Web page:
Celebrated pewter flask bears mark of Pennsylvania history

Celebrated pewter flask bears mark of Pennsylvania history

Made by celebrated pewterer Johann Christopher Heyne in the mid-18th century, this round, pewter 1770’s flask with a screw top belonged to Christian Lauer, a colonel with the Associators during the Revolutionary War. The flask is engraved on the bottom “ICH LANCASTER”, the maker’s mark of Heyne. Concentric circles adorn both front and back with …

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Mapping Pennsylvania history, one stitch at a time

Mapping Pennsylvania history, one stitch at a time

Only three 19th century samplers depicting the Commonwealth of Pennsylvania are believed to still exist and, of those, two are the work of a young Pennsylvania public school girl named Elizabeth Leoser. One of her works was purchased by the State Museum of Pennsylvania in 1989. CAP Curator Amy Frey selected this artifact as this week’s …

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Museum mystery: Did this artifact cut skin or cloth?

Museum mystery: Did this artifact cut skin or cloth?

The Collections Advancement Project is helping to share with the public many previously unknown and forgotten Pennsylvania treasures. And one of those rarely exhibited artifacts still remains a mystery. This device resembles a modern day Swiss Army knife, complete with three retractable spade-shaped arms that fit into a brass sheath. The initials “F.S.” are etched …

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Crazy quilts: A patchwork of culture and memories

Crazy quilts: A patchwork of culture and memories

Crazy quilts became popular across America after the 1876 Philadelphia Centennial Exposition. The exposition’s Japanese Pavilion provided many Americans with their first glimpse of Japanese culture in the form of painted screens, needlework, porcelain, furniture and lacquerware that captured the nation’s imagination influencing art, opera, architecture, fashion and quilts. By the 1880s, crazy quilting, also called …

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Bear’s Grease: A 19th-century cure for baldness, sores and cowlicks

Bear’s Grease: A 19th-century cure for baldness, sores and cowlicks

Have you ever wondered what people used to care for and style their hair before the advent of hairspray, gel, shampoo and conditioner? The week’s Pennsylvania Treasure, discovered by CAP curator Rachel Lovelace-Portal, answers that question in the form of bear’s grease, or, more specifically, a small ceramic jar that once contained bear’s grease. The …

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Johnson’s chair: Well-worn history from top to bottom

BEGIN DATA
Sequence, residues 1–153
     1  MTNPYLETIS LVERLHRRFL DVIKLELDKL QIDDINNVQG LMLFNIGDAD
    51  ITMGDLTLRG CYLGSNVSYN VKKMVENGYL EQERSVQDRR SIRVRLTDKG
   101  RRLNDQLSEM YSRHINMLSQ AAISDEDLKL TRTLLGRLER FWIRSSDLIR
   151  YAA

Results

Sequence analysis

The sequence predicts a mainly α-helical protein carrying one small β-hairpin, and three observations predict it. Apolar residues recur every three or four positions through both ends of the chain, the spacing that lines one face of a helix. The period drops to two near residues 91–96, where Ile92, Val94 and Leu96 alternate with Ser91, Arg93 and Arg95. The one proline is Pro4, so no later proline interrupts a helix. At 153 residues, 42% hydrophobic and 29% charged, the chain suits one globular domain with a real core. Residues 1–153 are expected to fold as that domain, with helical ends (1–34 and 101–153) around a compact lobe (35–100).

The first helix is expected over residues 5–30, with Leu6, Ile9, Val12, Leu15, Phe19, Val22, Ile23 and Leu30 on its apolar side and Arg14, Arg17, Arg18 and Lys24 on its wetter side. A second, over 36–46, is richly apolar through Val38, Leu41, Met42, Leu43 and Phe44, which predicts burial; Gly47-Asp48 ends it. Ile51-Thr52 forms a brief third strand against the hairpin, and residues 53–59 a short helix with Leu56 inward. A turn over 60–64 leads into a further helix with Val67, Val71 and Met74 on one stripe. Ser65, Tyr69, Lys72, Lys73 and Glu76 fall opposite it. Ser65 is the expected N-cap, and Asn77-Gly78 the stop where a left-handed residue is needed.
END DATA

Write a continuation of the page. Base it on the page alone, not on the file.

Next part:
Johnson’s chair: Well-worn history from top to bottom

  The supporter of countless bottoms during its lifetime, this chair shows the wear and tear of many generations of everyday use. Plank chairs, such as this one, were popular utilitarian pieces of furniture during the mid-1800s. They were made in both rural and urban areas by furniture makers who utilized faster, mechanized reproduction methods. …

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Curators uncover sweet souvenir from 1876 Philadelphia Centennial Exposition

Curators uncover sweet souvenir from 1876 Philadelphia Centennial Exposition

Pennsylvania is well known for being the home of Hershey Chocolate, but this is not the state’s only claim to chocolate fame. Wilbur Chocolate in Lititz, Pa. ranks as one of America’s oldest candy companies. This week’s Pennsylvania Treasure is a Liberty Bell-shaped glass bottle that contains candies made by Croft, Wilbur & Co. at …

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American hero rocks the cradle, saves the Liberty Bell

American hero rocks the cradle, saves the Liberty Bell

  Whose hand was it that rocked this simple wooden cradle owned by John Jacob Mickley? That’s the question spurred by this week’s Pennsylvania Treasure submitted by Collection’s Advancement Project curator Diana Zeltmann. Made of dovetail construction complete with arched ends with holds for handles, the cradle features remnants of brass knobs on two sides. …

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Philadelphia-made banjo plays into Pennsylvania history

Philadelphia-made banjo plays into Pennsylvania history

    From plantations to coal mines, from Broadway to Victorian parlors, in churches and taverns, the banjo has been a part of the American landscape since the 18th century.  The stringed instrument has shaped all kinds of musical styles and crossed racial, cultural and social boundaries. This week’s feature is a S.S. Stewart, five-string …

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Porcelain scent bottle helps Philadelphia businessman win his bride

Porcelain scent bottle helps Philadelphia businessman win his bride

This week’s Pennsylvania Treasure is a porcelain scent bottle and stopper made by The Tucker Factory in Philadelphia. The bottle is made of glazed porcelain with enamel, gilt and painted decorations. The name “M.Earp 1837” is inscribed on one side of the artifact. CAP curators Amy Frey and Rachel Lovelace-Portal chose this item because it …

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